Setting aside whether someone who gets off by barbecuing his private parts is really in a position to make moral condemnations of other fetishes, it’s worth looking at what does make people uncomfortable or “squicked” about the concepts. Emotional arguments can’t really be examined. (The “no offense, but you’re sick, dude” comment someone left on one of my stories doesn’t offend me, but it’s not something I’m going to argue about with them, either.) There are a few more objective criticisms I’ve heard over the years it’s worth considering, though.
Absolutely true, and absolutely irrelevant. There are many unrealizable (or technically fulfillable but incredibly unlikely) fantasies out there that wouldn’t strike anyone as intrinsically dangerous—fantasizing about a deceased lover, the current Playboy centerfold, or about winning the lottery. Any fantasy becomes unhealthy when it becomes an obsession, but that has nothing to do with the obsession’s subject. Next.
A more interesting criticism, the one that’s probably at the heart of most “Ick!” reactions to all this—and in some ways certainly true. We’re talking about giant wolves rampaging through towns, swallowing people whole, stomping on orphanages and using crosstown busses as non-UL-approved sex toys.
Well, no, wait: we’re talking about fantasizing about giant wolves rampaging through towns. Not only is it something that isn’t happening in reality, it’s something that can’t happen in reality. Even if I “lust in my heart” after some feral giantess, I’m not engaging in anything that’s going to cause me or anyone else physical harm.
The assumption that graphic fantasies lead to graphic real acts is made by social critics and pundits every couple of years after whatever the tragedy of the moment may be, and I can imagine it being trotted out here. It doesn’t hold water here, either, though. A mass murderer might well be attracted to a first-person shooter for reasons that connect to his insanity, but playing first-person shooters is not a sign of homicidal tendencies.
This was actually the main argument of my friend against fantasy fetishes. The focus of the act is, so the argument goes, entirely on the fetish rather than on the fact that it’s taking place with another being, particularly since it’s taking place through roleplay, almost always online. These are people who aren’t going to develop any other relationship beyond this shared fetish.
Well, yes. People who meet online for roleplay may not have enough in common to be more than friendly acquaintances in other settings. But this isn’t a unique property of unrealizable fetishes or of online play in general, sexual or otherwise. Strangers at a themed club are brought together by that theme, whether the club is online or in the real world. People do not go to a leather bar in the belief that it will be the perfect place to have long, earnest discussions about Surrealist painters.
The distance imposed by online meetings also removes physical reality, and it’s the ability to roleplay in a virtual world that allows for these kind of fantasies to be interactive in the first place. It’s possible to imagine clubs in the not-so-distant future that allow patrons to enter a shared virtual world with graphic avatars representing them, that let you actually “feel” what it’s like to be someone else. I don’t doubt that avatar sex would be that far behind—and I don’t doubt that fantasy fetishes, including macro and vore, would be, either.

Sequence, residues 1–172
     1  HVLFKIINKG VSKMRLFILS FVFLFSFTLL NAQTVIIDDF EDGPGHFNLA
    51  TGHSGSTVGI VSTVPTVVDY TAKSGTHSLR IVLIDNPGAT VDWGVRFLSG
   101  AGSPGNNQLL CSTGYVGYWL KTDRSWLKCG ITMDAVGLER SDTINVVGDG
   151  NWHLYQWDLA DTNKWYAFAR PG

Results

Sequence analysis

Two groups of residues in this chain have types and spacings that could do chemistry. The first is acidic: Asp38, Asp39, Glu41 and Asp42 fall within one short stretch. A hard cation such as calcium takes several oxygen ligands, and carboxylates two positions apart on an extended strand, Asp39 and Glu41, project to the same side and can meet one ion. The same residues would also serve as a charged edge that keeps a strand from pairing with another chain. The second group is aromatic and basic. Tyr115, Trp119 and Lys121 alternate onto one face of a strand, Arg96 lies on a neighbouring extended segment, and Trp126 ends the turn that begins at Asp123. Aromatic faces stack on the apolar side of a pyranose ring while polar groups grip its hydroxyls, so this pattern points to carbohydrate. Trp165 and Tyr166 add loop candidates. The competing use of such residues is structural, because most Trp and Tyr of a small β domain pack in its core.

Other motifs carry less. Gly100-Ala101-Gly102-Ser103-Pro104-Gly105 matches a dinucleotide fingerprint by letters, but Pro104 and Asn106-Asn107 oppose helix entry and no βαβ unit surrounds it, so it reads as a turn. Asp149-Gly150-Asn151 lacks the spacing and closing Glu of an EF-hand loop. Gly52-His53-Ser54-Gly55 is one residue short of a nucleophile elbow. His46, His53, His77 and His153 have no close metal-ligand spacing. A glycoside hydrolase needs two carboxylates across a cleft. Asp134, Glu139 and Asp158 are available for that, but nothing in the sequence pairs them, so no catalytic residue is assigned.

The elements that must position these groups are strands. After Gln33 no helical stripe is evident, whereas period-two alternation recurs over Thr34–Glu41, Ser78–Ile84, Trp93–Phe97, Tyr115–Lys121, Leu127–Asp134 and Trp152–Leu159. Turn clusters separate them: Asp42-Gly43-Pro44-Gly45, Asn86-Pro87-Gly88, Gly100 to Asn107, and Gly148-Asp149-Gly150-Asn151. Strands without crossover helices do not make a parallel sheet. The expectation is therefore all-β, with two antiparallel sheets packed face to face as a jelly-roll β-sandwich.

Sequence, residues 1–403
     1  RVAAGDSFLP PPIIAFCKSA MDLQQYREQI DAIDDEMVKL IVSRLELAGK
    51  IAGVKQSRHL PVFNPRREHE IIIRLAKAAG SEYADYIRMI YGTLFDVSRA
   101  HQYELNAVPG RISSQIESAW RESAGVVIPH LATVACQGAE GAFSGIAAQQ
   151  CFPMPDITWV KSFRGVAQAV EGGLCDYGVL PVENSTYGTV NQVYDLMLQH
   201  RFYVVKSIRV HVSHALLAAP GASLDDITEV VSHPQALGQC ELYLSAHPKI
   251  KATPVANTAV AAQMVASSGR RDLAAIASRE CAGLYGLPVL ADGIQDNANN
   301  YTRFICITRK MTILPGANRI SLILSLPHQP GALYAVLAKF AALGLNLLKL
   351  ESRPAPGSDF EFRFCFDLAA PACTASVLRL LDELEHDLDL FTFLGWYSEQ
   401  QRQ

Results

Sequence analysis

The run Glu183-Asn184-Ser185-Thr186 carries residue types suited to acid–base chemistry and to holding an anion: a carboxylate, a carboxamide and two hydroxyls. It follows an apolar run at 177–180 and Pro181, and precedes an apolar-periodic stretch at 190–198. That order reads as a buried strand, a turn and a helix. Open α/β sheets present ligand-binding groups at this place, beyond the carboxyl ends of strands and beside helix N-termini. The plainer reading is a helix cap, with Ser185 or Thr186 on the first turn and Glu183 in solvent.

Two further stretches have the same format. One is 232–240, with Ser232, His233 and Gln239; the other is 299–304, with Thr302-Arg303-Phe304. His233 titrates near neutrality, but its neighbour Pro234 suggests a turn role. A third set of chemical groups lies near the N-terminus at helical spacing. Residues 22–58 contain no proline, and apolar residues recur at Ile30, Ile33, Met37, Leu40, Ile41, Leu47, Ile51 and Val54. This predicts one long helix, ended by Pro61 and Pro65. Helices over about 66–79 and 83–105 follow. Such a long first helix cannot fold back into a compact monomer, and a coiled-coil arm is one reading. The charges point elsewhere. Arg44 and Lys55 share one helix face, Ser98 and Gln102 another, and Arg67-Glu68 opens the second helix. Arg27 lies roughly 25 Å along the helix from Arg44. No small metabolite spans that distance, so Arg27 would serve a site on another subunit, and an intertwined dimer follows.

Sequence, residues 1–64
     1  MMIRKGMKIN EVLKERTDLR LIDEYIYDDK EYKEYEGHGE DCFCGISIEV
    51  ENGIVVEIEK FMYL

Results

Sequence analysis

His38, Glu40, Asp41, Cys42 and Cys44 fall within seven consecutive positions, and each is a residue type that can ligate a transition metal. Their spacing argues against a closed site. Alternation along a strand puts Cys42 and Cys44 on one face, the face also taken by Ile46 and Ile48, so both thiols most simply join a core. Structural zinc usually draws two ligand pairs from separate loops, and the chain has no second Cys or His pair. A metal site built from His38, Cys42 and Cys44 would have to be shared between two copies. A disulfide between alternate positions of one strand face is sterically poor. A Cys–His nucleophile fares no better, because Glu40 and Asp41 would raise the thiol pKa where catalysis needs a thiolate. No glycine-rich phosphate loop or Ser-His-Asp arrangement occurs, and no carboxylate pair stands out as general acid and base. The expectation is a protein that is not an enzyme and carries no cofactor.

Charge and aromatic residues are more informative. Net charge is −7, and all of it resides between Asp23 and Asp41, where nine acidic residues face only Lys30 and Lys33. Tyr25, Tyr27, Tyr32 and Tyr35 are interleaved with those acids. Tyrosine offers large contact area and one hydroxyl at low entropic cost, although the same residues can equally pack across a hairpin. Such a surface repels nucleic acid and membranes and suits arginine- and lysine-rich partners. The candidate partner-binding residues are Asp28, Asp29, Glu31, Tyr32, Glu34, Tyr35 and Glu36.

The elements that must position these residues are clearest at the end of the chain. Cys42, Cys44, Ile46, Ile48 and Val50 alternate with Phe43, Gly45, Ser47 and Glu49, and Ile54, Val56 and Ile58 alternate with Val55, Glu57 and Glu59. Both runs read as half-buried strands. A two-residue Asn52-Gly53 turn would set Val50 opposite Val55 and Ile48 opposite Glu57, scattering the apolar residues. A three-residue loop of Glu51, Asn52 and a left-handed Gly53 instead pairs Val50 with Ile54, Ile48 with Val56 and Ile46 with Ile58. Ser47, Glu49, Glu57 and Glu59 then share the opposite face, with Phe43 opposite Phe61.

So how did we get from dark predator/prey stories to giants?
It could be argued that predators who can take down humans have to be pretty big, and that they’re most dangerous to children—so the archetype buried in our collective unconscious isn’t just of the wolf, it’s of the wolf big enough to carry you off in her jaws.
There are “gentle giant” stories out there, of course—ones that aren’t violent and either depict sex as consensual or have little to no sexual component at all. But I think these go back to the same archetypes—the sharp points may be sanded down, but the understanding that the giant is the one in power still informs every scene he’s in. The fear is transformed to awe.
As for the “furry” aspects, tracing it down from animal predators makes that seem almost natural. This isn’t to suggest that Attack of the Fifty Foot Woman should have involved a giant cheetah woman2 rather than human, but the primal nature is nonetheless there. Most giant/giantess stories out on the net involve the giant human behaving in dominant and/or feral fashion.
Good question. First off, I know there will be people who consider themselves macrophiles who don’t think this described them at all. Fair enough. There’s also likely to be people who find macrophilia way too freaky and haven’t had their minds changed by these musings. Also fair—I’m merely exploring ideas, not looking for converts.
Our fantasies might be unusual—okay, no “might” about it—but it’s hard to argue that they’re objectively kinkier, more dangerous and less socially acceptable than what goes on at an average fetish ball. “Acceptability” is ultimately a mirage, anyway—unless you’re in the adult entertainment field, your kinks aren’t going on your resume no matter what they are. And as for being dangerous, fantasies about giant cats are certainly no more damaging than real whips and chains, no matter how one defines “damage.”
And if it’s not too ludicrous to talk about myths and archetypes like I have been, we may just be closer to them—a little less civilized, a little more primal. That’s not such a bad thing for a fantasy.
Fantasizing about being eaten, often swallowed whole. Not all “macros” are “vore” fans, and vice-versa, but they’re often found together. You’ll see “vorarephilia” spelled multiple ways; since the root is the real Latin word vorare (“to swallow”), though, this is the one I’m sticking with.↩
Although it totally would have been better with a giant cheetah woman.↩